Malaysia disassociates from Asean chair’s statement on Myanmar conflict

The statement issued by Cayetano at the sidelines of the ongoing United Nations General Assembly in NY did not reflect Kuala Lumpur’s concerns, said Malaysian Foreign Minister Anifah Aman.

Indonesian Foreign Affairs Minister Retno Marsudi told the Jakarta Post that the ASEAN chairperson’s statement was a result of a closed-door meeting of foreign ministers on the sidelines of the United Nations assembly on Saturday.

“They discussed global issues including migration, climate change and countering violent extremism”.

He said the statement also omitted the Rohingyas as one of the affected communities.

“What is crucial now is that ASEAN undertakes a coordinated effort to assist Myanmar in addressing the needs of the people in the area, in particular their security, livelihood, and well-being, and to provide humanitarian assistance to those communities which are affected”, the DFA added.

Aman disputes that the Chairman’s statement, having disregarded its inputs, “was not based on consensus”.

He welcomed the UN’s role as a catalyst for peace and development, and underlined the important role of the United Nations as a platform for countries to work together to find solutions to complex emerging challenges, the statement added.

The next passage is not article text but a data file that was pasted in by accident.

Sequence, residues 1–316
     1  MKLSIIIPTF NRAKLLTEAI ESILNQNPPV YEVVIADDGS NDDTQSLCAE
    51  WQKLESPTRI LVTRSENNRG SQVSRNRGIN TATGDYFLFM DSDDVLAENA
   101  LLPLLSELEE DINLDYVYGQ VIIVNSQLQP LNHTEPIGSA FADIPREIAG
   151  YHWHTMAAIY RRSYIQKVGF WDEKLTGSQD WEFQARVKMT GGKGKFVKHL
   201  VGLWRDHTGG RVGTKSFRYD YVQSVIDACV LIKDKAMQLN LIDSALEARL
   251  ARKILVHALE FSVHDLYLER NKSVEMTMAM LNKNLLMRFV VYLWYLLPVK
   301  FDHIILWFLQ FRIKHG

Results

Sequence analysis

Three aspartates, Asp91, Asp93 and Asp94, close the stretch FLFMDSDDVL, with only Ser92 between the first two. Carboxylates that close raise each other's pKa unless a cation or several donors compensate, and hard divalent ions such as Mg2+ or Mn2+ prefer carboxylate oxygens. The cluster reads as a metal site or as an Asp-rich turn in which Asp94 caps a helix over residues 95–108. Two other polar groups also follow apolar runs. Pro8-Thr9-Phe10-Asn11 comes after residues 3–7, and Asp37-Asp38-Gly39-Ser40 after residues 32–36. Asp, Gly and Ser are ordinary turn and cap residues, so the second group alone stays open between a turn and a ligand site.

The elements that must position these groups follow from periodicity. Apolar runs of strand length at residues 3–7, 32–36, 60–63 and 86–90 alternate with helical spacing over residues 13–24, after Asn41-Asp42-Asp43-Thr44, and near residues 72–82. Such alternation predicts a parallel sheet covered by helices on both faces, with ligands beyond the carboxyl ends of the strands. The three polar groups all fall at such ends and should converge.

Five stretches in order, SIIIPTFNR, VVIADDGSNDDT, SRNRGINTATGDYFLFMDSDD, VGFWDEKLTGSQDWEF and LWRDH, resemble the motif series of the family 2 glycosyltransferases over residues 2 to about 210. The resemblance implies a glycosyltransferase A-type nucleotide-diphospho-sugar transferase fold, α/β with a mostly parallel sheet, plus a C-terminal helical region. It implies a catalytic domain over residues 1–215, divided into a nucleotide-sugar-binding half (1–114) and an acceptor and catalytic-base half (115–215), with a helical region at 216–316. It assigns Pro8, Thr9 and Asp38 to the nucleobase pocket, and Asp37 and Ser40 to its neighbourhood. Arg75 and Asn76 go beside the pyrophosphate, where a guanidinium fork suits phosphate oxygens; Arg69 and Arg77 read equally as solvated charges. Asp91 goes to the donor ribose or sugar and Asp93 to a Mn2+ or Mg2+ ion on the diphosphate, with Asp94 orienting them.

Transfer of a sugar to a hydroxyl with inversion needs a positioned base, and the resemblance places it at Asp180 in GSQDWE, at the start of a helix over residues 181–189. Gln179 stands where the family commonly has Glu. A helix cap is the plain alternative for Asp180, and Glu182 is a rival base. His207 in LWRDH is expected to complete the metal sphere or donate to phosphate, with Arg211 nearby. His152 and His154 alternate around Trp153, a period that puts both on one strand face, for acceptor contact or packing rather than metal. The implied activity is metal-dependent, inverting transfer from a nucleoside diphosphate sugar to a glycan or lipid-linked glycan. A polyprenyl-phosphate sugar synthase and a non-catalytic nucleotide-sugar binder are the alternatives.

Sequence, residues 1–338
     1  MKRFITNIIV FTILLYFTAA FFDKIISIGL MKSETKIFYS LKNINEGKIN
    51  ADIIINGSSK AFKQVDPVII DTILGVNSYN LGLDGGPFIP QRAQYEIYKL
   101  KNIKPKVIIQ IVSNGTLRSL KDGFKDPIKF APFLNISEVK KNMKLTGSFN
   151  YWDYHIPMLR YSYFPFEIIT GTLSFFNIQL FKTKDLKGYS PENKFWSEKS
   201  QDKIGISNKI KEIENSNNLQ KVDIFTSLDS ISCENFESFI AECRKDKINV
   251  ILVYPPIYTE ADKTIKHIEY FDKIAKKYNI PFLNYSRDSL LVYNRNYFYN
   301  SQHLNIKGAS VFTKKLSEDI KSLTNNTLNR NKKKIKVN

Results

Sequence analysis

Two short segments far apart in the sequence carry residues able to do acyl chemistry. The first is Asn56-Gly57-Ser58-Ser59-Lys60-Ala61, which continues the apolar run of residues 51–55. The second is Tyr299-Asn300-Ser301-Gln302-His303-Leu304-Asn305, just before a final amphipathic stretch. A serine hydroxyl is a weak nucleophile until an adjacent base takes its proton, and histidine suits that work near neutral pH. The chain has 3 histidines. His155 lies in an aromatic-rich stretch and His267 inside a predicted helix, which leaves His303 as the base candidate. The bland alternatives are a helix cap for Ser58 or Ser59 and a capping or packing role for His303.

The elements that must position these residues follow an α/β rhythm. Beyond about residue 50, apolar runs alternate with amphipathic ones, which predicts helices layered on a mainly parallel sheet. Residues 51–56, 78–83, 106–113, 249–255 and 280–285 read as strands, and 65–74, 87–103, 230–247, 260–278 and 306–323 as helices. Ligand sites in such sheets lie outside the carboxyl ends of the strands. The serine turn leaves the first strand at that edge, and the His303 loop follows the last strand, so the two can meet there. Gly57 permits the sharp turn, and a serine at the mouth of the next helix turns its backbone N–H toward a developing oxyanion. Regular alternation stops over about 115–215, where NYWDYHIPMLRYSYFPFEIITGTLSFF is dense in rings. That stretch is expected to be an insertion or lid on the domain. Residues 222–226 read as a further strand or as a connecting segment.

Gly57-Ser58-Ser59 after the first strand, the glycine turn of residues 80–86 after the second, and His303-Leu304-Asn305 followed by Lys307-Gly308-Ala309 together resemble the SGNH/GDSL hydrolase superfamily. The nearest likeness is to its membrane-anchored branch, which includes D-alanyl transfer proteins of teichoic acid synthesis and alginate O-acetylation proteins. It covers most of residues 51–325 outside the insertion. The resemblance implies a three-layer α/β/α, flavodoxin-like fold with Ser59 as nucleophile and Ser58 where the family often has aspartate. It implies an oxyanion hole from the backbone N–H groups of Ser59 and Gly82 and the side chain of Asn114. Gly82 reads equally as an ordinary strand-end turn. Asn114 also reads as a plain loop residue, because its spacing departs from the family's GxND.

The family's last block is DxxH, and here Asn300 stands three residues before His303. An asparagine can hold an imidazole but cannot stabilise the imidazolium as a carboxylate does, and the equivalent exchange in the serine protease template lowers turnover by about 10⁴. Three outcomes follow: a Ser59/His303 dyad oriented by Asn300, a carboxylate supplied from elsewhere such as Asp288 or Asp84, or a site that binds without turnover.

Malaysia has opposed the statement issued by Foreign Secretary and current Association of South East Asian Nations Chair Alan Peter Cayetano on the Rohingya crisis in Myanmar, calling it a “misrepresentation of reality”.

She also offered to Cayetano Indonesia’s four-point recommendation to end the Rakhina crisis, the report said.

“Viable and long-term solutions to the root causes of the conflict must be found in order for the Rohingyas and the affected communities to be able to rebuild their lives”.

“Malaysia expressed grave concerns over such atrocities which have unleashed a full-scale humanitarian crisis that the world simply can not ignore but must be compelled to act upon”, he said in a statement today.

He said that while Malaysia condemned the August 25 attacks by the Arakan Rohingya Salvation Army, it said that “subsequent “clearance operations” by Myanmar authorities was disproportionate”, and has led to civilian deaths and displacement.

“We expressed grave concerns over such atrocities which have unleashed a full-scale humanitarian crisis that the world simply can not ignore but must be compelled to act on”, it added.

They expressed “concern over the recent developments in Northern Rakhine State of Myanmar” saying it does not depict the reality and did not mention the persecuted Rohingya Muslims. Some 430,000 Muslim Rohingya have also fled to Bangladesh.

Malaysia has repeatedly called on the Myanmar government to end the violence in Rakhine and to deal with the root cause of the crisis.

The Nobel Peace Laureate, in a televised address, rejected worldwide condemnation of the violence and insisted that “more than half” of Rohingya villages remain intact.

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